moralize

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Related to moralized: demoralized

moralize about (someone or something)

To discuss or proclaim moral judgments or observations about a particular person or thing, especially in a trite or obvious manner. These politicians need to spend less time moralizing about the nature of drug addiction and homelessness, and spend more time helping the people in society who are most vulnerable. Plenty of people have moralized about the country's dictator, but so far no one has done anything to curb his power.
See also: moralize
Farlex Dictionary of Idioms. © 2015 Farlex, Inc, all rights reserved.

moralize about someone or something

to utter moral platitudes about someone or something. There is no point in moralizing about Carlo. He can't be changed. Why are you moralizing about the election? The people are always right.
See also: moralize
McGraw-Hill Dictionary of American Idioms and Phrasal Verbs. © 2002 by The McGraw-Hill Companies, Inc.
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References in periodicals archive ?
The Metamorphoses was translated into French and moralized as the Ovide moralise in the early fourteenth century, possibly at the request of Clemence of Hungary.
Indeed, for many of our foes, we're dangerous not because we've misrepresented the truth but for precisely the opposite reason: We embody a truth they don't want to face - the truth that homosexuality is a widespread, naturally occurring orientation that cannot be willed, wished, prayed, argued, or moralized out of existence.
Unable to give any satisfactory explanation for the great Roman baths -- mere entertainment was an inconceivable justification -- Alberti (without whom, as the editors might have said, this volume could never have been written) moralized: the great empty spaces could not have been purely for gossiping crowds -- the average Roman citizen must therefore have been a philosopher, earnestly debating the toss wit his fellows within the splendours of classical architecture.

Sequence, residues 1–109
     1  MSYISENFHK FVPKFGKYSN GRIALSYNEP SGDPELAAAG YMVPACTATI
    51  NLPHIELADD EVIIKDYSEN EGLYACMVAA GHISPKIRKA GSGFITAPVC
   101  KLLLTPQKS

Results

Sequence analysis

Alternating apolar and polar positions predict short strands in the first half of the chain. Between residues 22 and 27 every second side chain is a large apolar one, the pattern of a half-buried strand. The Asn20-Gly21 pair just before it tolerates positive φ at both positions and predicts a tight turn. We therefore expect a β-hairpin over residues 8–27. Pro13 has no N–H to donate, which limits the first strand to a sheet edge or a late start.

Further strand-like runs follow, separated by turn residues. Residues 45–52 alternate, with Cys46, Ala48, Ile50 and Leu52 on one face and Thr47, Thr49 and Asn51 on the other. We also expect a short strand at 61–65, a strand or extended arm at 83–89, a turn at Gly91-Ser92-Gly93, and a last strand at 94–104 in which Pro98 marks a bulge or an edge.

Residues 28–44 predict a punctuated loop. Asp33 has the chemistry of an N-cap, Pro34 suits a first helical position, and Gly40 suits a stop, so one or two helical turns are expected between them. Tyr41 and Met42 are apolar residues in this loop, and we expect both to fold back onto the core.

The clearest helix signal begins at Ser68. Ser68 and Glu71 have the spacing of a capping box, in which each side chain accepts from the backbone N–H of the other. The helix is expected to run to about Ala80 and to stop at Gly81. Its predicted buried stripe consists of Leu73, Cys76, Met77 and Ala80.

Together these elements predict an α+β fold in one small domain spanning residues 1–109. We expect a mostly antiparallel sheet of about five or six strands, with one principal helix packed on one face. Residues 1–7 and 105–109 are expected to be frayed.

(A well-known example that she cites is Lysander's rejection in A Midsummer Night's Dream of Hermia as "Ethiop" and "tawny Tartar.") This perspective yields startling and fruitful results: perhaps most striking is the rereading of the familiar, traditionally moralized "fair"/"dark" binary in the English Petrarchan lyric (e.g., in Sidney's Astrophel and Stella) as participating in the discourse of race.
Certainly, Glissenti's Philosopher has dramatically moralized and spiritualized work, which now is the chief conduit for unremitting sin.
Levenson explores the weaknesses in Antonio Saviolo's moralized account, in the Practise (1595), of the difference between the Spanish and the Italian styles of fencing, the former championed by Tybalt.